Lopez F.,University of Huelva | Trinidad Garcia M.,Agrifood Campus of International Excellence CeiA3 | Mena V.,University of Huelva | Mauricio Loaiza J.,University of Huelva | And 2 more authors.
BioResources | Year: 2015

This study investigates the operating conditions used in the soda-anthraquinone pulping of Eucalyptus globulus wood after autohydrolysis pretreatment on the yield, kappa number, and brightness of the resulting unbleached pulp. Moreover, strength-related properties of the resulting handsheets was examined to identify the best pulping conditions and compare the outcome with that of a conventional soda-anthraquinone pulping process. The paper strength properties of the pulp were similar to or better than papers made from soda-AQ delignified pulps conducted in a single step. Also, a liquid fraction with a substantial content in hemicellulosic extracts was recovered in the simplified process. Autohydrolysis of the raw material facilitates carrying out soda-AQ pulping under milder conditions. In addition, autohydrolysis improves other properties relative to paper from raw cellulose pulp. Yield, kappa number, and brightness for pulp from solid residues of autohydrolysed eucalyptus wood were similar to those for pulp from untreated eucalyptus wood.

Contreras J.I.,Institute of Research and Training in Agriculture and Fishery IFAPA | Segura M.L.,Institute of Research and Training in Agriculture and Fishery IFAPA | Lao M.T.,Agrifood Campus of International Excellence CEIA3 | Lao M.T.,University of Almeria
Acta Horticulturae | Year: 2015

The purpose of this trial was to study the nutritional status of the root-zone, using the substrate solution obtained with the suction cup method as related to growth and quality of plants of Syngonium podophyllum. For such purpose some sources of fertilizers were tested. The trial was carried out in a type INSOLE greenhouse (Buried Solar Greenhouse), from 19 April to 19 September, 2004. There were four mineral fertilizer treatments: (SLF) a standard liquid feeding, (LFSF) a fertilizer (17-8-14) containing nitrate (NO3 -), ammonium (NH4 +) and a nitrification inhibitor (3,4-dimethylpyrazole phosphate, DMPP) and (CRF) two coated controlled release fertilizers (Basacote Plus (16-8-12) plus half concentration of SLF and Osmocote Plus (16-8-12) plus half concentration of SLF). The nutrient substrate solutions showed important differences, especially when CRF were incorporated to the substrate. Substrate buffers the system, avoiding a high pH lowering. Electrical conductivity was highest in CRF, due to the nitrate concentration, a fact suggesting that the use of controlled release fertilizers should be reconsidered in tropical crops. Basacote treatment showed a good-excellent plant quality; plants treated with LFSF and Osmocote treatments also showed a good quality, while SLF depressed the quality of plants. The efficiency of different ways of fertilization has been studied globally, LFSF being significantly higher.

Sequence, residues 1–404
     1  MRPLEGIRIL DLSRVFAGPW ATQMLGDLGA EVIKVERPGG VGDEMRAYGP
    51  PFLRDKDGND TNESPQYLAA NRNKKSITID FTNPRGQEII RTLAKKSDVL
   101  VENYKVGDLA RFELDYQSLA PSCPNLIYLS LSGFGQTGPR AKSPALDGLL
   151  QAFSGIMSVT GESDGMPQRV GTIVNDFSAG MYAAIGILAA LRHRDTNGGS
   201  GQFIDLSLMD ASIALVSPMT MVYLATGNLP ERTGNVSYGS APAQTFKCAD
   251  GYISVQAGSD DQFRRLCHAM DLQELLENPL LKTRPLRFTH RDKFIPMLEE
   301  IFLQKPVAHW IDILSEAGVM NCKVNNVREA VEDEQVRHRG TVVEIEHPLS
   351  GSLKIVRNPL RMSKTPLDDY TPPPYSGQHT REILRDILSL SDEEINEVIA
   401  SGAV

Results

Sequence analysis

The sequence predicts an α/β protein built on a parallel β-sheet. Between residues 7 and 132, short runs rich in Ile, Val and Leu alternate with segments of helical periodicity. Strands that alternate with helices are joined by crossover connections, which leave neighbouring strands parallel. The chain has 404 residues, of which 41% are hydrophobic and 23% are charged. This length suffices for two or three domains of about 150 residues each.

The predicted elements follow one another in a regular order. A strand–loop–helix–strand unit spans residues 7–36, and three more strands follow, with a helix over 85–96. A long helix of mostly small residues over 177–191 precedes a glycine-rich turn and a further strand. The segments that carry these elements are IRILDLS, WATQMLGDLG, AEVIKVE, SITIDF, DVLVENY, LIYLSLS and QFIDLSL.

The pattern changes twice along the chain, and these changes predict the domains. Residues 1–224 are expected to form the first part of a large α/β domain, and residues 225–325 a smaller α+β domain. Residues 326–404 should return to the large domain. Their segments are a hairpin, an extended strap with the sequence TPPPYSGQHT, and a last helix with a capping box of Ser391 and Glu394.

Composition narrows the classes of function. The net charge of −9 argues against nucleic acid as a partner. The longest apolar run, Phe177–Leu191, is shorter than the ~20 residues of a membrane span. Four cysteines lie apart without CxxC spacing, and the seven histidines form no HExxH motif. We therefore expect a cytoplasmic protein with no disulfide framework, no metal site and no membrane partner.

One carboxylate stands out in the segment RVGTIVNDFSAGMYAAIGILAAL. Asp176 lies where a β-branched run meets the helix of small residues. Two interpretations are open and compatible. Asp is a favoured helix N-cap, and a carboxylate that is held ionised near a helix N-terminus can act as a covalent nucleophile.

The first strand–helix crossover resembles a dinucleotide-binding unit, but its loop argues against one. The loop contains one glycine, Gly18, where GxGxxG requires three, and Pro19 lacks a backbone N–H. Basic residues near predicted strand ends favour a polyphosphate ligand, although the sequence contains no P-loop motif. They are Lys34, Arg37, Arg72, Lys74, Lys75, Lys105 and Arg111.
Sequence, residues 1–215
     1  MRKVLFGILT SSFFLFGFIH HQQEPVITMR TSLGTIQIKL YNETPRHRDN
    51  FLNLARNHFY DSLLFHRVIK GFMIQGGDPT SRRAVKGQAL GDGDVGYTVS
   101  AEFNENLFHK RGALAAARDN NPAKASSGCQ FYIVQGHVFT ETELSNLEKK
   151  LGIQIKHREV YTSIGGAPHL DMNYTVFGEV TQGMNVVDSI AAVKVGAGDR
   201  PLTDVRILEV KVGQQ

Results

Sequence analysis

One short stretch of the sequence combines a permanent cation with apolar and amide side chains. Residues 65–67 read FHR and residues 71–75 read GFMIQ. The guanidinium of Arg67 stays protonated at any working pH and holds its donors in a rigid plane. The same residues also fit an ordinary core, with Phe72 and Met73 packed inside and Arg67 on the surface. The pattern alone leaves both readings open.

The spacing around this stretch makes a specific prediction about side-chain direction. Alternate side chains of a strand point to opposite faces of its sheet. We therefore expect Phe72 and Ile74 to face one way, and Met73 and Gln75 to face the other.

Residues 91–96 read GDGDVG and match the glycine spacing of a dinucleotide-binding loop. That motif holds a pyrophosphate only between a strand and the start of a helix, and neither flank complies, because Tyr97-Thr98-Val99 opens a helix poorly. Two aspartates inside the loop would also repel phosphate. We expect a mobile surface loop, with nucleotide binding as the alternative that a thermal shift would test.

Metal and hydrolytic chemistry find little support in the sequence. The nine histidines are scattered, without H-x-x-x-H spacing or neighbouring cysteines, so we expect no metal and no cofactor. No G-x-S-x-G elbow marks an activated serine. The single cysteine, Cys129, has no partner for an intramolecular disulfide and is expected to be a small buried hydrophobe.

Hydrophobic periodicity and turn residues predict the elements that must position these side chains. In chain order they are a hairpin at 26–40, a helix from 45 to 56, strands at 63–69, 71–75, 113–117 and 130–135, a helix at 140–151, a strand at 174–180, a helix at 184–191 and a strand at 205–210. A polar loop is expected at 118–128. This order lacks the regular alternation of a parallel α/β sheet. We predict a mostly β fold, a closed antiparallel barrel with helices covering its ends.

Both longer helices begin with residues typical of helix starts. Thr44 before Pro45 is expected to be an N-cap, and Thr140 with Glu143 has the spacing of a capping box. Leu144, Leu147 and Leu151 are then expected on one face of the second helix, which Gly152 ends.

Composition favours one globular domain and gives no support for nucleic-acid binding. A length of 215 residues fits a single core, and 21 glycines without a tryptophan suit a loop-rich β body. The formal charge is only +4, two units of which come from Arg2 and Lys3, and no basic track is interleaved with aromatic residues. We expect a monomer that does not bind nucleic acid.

Sanchez-Quesada C.,University of Jaén | Lopez-Biedma A.,University of Jaén | Warleta F.,University of Jaén | Campos M.,University of Jaén | And 3 more authors.
Journal of Agricultural and Food Chemistry | Year: 2013

Oleanolic acid, maslinic acid, uvaol, and erythrodiol are the main triterpenes present in olives, olive tree leaves, and virgin olive oil. Their concentration in virgin olive oil depends on the quality of the olive oil and the variety of the olive tree. These triterpenes are described to present different properties, such as antitumoral activity, cardioprotective activity, anti-inflammatory activity, and antioxidant protection. Olive oil triterpenes are a natural source of antioxidants that could be useful compounds for the prevention of multiple diseases related to cell oxidative damage. However, special attention has to be paid to the concentrations used, because higher concentration may lead to cytotoxic or biphasic effects. This work explores all of the bioactive properties so far described for the main triterpenes present in virgin olive oil. © 2013 American Chemical Society.